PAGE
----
In a post to his site Benjamin Eberlei looks at global state in PHP using something called "context objects" and how they can be used as an alternative to true global state.
Global State is considered bad for maintainability of software. Side effects on global state can cause a very nasty class of bugs. Context objects are one flavour of global state. For example, I remember that Symfony1 had a particularly nasty context object that was a global singleton containing references to very many services of the framework.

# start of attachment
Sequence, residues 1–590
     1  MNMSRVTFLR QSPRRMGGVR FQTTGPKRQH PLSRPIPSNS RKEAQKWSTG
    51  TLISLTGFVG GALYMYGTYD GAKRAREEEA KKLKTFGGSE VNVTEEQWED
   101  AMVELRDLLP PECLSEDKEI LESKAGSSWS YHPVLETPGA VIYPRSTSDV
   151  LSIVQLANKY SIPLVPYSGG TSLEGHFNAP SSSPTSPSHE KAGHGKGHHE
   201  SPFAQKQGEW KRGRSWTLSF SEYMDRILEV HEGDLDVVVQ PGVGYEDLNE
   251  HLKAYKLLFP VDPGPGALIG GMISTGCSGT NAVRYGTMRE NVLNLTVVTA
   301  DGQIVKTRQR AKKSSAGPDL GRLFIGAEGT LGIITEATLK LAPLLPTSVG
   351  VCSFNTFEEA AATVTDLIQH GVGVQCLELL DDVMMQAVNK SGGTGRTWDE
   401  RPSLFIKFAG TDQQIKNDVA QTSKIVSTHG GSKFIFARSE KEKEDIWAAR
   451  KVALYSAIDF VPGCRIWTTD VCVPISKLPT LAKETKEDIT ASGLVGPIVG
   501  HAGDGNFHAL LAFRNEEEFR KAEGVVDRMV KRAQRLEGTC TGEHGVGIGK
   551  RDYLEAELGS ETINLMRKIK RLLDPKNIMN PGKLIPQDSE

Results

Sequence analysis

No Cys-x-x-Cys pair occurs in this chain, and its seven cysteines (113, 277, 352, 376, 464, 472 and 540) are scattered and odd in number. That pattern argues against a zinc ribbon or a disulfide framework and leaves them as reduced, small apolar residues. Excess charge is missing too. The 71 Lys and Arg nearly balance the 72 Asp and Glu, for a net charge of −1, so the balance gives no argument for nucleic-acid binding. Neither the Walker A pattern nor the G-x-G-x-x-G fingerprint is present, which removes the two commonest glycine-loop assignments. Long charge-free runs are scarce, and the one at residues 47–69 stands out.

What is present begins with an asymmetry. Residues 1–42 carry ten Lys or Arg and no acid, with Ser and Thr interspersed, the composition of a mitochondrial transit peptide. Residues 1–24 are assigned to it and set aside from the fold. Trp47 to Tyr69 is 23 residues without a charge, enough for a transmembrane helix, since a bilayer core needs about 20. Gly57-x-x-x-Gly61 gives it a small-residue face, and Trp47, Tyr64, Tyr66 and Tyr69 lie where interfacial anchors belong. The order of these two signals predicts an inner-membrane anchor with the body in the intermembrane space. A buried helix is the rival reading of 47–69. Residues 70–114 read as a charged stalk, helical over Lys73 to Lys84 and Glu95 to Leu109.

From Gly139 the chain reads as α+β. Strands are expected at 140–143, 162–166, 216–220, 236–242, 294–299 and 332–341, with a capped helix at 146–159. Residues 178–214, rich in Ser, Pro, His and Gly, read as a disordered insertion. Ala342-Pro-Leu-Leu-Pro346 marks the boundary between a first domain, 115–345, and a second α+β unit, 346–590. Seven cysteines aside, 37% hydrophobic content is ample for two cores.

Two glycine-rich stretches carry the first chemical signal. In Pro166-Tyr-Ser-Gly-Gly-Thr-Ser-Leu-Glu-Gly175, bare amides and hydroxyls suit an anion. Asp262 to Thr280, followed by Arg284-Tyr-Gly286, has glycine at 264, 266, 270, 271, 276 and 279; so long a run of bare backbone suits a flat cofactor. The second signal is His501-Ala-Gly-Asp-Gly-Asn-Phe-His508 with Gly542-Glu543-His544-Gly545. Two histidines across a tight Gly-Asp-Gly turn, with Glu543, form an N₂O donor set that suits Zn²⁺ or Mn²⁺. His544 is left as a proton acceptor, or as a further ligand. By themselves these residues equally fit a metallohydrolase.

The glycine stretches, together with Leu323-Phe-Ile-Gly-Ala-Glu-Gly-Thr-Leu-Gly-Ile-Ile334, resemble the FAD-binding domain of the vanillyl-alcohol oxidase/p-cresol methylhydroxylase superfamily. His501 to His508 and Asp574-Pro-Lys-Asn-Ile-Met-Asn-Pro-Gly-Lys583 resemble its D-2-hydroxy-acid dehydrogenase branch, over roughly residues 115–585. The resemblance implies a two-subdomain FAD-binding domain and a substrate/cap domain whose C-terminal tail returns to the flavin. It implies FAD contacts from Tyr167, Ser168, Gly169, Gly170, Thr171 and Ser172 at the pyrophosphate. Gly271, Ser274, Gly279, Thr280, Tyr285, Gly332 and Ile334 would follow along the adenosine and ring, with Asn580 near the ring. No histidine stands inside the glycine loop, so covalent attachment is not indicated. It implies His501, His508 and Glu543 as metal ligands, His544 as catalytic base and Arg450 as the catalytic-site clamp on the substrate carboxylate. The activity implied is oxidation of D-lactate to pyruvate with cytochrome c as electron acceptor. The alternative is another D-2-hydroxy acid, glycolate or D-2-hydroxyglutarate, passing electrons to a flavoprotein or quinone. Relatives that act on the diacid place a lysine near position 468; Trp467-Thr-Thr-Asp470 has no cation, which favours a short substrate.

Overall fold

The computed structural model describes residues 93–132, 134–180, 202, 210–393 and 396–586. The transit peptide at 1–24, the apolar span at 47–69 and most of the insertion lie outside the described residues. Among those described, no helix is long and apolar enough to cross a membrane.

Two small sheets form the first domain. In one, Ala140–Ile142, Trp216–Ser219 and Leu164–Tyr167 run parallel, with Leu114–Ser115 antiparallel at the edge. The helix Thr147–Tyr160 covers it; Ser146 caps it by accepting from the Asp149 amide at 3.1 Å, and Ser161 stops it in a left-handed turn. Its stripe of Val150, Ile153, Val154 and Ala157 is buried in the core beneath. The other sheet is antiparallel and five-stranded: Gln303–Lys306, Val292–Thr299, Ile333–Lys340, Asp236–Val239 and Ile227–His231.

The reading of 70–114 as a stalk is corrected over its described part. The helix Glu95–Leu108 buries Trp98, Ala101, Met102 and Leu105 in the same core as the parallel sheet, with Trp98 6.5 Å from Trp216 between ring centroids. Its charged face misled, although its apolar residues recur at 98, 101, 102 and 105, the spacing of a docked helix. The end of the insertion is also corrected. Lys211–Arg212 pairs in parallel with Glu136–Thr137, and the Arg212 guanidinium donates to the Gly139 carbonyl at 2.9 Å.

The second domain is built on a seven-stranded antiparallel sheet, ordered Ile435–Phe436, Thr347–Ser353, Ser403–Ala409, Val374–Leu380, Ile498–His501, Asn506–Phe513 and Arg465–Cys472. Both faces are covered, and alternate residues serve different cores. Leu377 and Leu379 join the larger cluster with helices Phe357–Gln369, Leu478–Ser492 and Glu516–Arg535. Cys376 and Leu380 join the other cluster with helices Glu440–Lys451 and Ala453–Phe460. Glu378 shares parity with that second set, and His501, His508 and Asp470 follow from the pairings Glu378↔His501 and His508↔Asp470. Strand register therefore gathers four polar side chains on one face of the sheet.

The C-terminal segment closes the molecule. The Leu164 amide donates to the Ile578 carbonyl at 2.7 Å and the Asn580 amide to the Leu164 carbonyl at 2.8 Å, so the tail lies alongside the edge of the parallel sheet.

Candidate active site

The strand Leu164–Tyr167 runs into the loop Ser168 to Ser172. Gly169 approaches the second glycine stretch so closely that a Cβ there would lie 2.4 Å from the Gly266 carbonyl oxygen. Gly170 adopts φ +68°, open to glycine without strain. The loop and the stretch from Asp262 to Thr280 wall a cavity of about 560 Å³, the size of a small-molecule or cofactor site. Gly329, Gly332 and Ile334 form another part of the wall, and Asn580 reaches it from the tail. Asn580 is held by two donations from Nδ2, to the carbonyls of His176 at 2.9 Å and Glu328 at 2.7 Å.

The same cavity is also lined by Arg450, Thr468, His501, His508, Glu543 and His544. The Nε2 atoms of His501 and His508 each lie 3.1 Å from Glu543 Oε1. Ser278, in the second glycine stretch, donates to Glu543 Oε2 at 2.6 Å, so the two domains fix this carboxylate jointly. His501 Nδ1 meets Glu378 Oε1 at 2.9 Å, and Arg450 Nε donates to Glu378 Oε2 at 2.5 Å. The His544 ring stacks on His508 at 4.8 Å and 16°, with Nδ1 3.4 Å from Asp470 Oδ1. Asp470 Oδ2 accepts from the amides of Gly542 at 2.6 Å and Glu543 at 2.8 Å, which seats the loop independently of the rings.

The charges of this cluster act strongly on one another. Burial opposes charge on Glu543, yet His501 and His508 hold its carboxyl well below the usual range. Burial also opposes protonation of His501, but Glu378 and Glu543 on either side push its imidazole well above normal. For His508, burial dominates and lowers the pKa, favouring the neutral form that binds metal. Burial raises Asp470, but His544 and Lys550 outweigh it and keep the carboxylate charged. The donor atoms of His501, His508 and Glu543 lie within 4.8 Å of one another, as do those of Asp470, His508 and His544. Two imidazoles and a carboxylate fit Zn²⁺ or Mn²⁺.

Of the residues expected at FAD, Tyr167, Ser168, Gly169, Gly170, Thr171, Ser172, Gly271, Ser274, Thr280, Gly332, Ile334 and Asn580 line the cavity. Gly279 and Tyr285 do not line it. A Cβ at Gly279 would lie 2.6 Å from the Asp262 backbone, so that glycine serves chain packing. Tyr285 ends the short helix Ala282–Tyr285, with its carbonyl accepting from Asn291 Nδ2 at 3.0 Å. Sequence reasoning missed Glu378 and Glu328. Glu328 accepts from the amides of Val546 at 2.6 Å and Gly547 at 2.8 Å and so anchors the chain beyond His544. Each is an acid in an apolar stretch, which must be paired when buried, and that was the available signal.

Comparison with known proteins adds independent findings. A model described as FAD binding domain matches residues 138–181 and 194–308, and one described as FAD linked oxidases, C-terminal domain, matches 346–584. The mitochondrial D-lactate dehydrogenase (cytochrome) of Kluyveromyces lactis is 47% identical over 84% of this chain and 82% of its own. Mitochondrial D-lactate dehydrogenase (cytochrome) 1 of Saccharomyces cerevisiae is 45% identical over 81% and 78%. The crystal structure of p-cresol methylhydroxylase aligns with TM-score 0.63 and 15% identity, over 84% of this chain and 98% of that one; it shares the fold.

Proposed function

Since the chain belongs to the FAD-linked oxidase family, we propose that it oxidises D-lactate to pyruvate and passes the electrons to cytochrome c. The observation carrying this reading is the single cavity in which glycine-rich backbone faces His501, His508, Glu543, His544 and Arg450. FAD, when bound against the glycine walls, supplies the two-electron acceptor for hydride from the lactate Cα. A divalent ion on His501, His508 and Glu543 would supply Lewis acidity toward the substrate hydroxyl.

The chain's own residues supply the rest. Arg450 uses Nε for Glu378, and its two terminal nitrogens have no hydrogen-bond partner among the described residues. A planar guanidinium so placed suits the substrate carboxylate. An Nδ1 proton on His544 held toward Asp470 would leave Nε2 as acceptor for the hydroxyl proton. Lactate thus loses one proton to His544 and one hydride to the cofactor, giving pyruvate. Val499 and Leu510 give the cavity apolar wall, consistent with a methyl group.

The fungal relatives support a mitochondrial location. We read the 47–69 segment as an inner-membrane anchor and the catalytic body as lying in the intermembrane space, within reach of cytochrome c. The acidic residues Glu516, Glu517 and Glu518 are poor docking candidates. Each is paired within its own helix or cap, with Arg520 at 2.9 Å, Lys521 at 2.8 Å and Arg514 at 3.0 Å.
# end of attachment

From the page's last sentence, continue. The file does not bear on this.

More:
As with every concept in programming, there are no absolute truths though and there are many use-cases where context objects make sense. This blog posts tries to explain my reasons for using context objects.
He starts by getting everyone on the same page by defining a context - the "circumstances in which something can be fully understood". He then moves into the world of context objects, talking about how they encapsulate the information other objects need to execute. They're essentially "container" objects that allow for more control that something like the normal PHP superglobals. From there he helps you define what kind of context objects you might need in your application and provides a real-world example from his own experience at Tideways.